SBFN’s  3rd Global Progress Report was launched on 29 October 2021

Bangladesh – Awareness raising, capacity building, monitoring, and enforcement to ensure regulator-driven ESRM implementation

Bangladesh Bank’s approach to helping banks and financial institutions implement ESRM has been developed and refined over the last decade.

In 2009, Bangladesh Bank worked with IFC to draft Environmental Risk Management (ERM) Guidelines after consulting with banks and financial institutions. The Guidelines were launched in 2011 and directed financial institutions to integrate environmental risk management into their credit risk management procedures. Following changing policy priorities, for example as a result of the 2013 Rana Plaza disaster and Bangladesh’s commitments to the Sustainable Development Goals, Bangladesh Bank sought support from IFC to update the ERM Guidelines. After rigorous multi-stakeholder consultation, the social dimension was added and the updated Environmental and Social Risk Management (ESRM) Guidelines were launched in 2017, replacing the ERM Guidelines. In addition to incorporating social risk into banks’ risk management, the ESRM Guidelines provide a comprehensive framework to encourage and assist financial institutions in implementing an Environmental and Social Management System. The new Guidelines also enable Bangladesh Bank to monitor implementation through increased reporting requirements for banks.

Through the process of developing and refining the ESRM guidelines, Bangladesh Bank has learned the importance of raising awareness about E&S issues among banks to encourage implementation.

The consultation process in 2010/11 consisted largely of sensitisation training among the managing directors of banks. Bangladesh Bank had to convince banks of the importance of E&S risks and demonstrate how ESRM is relevant to the broader risk management framework. Bangladesh Bank also developed a capacity-building program to support bank managers and employees to implement an ESMS in their financial institution. Through this process, Bangladesh Bank observed a growing level of awareness and enthusiasm for risk management and sustainability in the financial sector.

Awareness raising and capacity building has been accompanied by monitoring and enforcement to ensure ESRM implementation.

In Bangladesh, E&S risk is monitored alongside other banking risks and is linked to international and domestic regulatory approaches accordingly. In 2012, Bangladesh Bank integrated environmental risk management into its implementation of Pillar Two of the Basel II Accord. Through this, banks are required to maintain an additional capital buffer over the Capital Adequacy Ratio that accounts for exposure to environmental and climate risk. Bangladesh Bank collects data from banks to monitor their ESRM implementation, including the share of transactions with high E&S risk for each bank or financial institution and the actions taken by boards to address these transactions. Through this monitoring, Bangladesh Bank generates sustainability ratings for banks, which are incorporated within their overall CAMELS rating (the supervisory rating system used to classify a bank’s overall condition). Bangladesh Bank continues to adapt its approach to monitoring and enforcement to effectively engage with banks on ESRM implementation. Priorities include: (1) improving banks’ incentives to exceed the minimum requirements for ESRM implementation; (2) building supervisory capacity for assessing environmental and social risks; and (3) monitoring the impact of banking activities on the environment.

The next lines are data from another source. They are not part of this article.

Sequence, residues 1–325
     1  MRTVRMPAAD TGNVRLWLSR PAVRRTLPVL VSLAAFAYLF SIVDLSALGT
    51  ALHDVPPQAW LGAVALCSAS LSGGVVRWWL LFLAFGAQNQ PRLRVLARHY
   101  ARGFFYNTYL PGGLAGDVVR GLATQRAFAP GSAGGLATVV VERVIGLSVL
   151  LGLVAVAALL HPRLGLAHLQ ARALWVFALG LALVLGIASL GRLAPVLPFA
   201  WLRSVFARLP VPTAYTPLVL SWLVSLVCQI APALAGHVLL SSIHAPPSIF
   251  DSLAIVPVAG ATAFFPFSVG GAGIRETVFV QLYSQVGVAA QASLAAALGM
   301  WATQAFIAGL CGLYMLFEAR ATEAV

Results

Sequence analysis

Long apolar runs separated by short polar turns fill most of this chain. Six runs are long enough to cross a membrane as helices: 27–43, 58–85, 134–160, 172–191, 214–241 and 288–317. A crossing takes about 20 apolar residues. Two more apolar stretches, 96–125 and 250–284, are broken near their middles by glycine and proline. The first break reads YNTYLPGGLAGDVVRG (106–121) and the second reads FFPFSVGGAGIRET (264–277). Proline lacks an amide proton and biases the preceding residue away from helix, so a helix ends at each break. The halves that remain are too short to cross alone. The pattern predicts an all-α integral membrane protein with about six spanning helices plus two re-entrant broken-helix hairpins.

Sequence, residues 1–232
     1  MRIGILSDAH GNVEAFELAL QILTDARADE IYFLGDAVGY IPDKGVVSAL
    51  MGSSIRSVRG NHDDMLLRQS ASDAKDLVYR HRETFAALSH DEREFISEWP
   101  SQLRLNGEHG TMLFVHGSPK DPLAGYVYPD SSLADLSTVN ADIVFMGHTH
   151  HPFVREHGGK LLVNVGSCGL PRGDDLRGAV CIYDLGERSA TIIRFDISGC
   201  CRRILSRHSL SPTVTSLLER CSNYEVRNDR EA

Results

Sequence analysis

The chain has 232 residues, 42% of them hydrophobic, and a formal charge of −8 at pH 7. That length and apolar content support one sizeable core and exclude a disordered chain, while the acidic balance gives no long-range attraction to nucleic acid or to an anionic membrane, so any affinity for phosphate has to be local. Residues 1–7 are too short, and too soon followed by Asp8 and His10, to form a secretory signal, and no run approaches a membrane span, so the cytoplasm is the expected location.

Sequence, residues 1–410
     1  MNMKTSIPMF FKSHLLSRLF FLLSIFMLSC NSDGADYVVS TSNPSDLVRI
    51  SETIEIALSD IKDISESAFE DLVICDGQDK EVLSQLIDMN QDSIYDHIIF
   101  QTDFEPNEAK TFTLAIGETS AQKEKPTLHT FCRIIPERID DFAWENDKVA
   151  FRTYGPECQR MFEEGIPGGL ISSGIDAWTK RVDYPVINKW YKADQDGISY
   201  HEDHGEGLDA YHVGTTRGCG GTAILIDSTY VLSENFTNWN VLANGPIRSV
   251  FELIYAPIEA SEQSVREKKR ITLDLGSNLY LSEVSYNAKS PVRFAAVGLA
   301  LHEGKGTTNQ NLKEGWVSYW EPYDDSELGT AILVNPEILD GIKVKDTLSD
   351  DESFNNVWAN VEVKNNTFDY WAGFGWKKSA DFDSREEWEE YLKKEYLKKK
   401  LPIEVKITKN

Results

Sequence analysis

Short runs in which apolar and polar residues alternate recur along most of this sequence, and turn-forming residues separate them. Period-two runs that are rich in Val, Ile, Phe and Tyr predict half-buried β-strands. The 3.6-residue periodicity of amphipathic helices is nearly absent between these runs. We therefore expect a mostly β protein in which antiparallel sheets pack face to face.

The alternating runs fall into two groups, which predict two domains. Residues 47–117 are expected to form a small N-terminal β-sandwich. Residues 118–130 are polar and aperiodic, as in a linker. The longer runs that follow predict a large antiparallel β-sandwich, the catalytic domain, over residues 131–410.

Key lessons from Bangladesh Bank’s experience in supporting ESRM implementation include the importance of

  • Awareness-raising and capacity building – banks initially didn’t understand the importance of E&S risks to their operations, but Bangladesh Bank worked extensively with managing directors of financial institutions to convince them of the business case for ESRM ;
  • Comprehensive integration of E&S risks into the broaderrisk management framework – through incorporating E&S risks into macroprudential regulation, banks were able to understand the importance of ESRM, and Bangladesh Bank was provided with the tools for enforcement;
  • Clear policy framework – the success of ESRM implementation in Bangladesh is attributed to having a comprehensive policy that clearly specifies the activities required by banks, with appropriate monitoring and enforcement;
  • Developing and refining ESRM guidelines over time – through a gradual process, banks have been able to develop their internal capacity to implement their ESMS; and
  • Taking advantage of external resources – in developing ESRM guidelines and supporting the implementation of them by banks, Bangladesh Bank has benefited from World Bank support to develop the financial sector in Bangladesh and has also made extensive use of peer learning within the SBN network.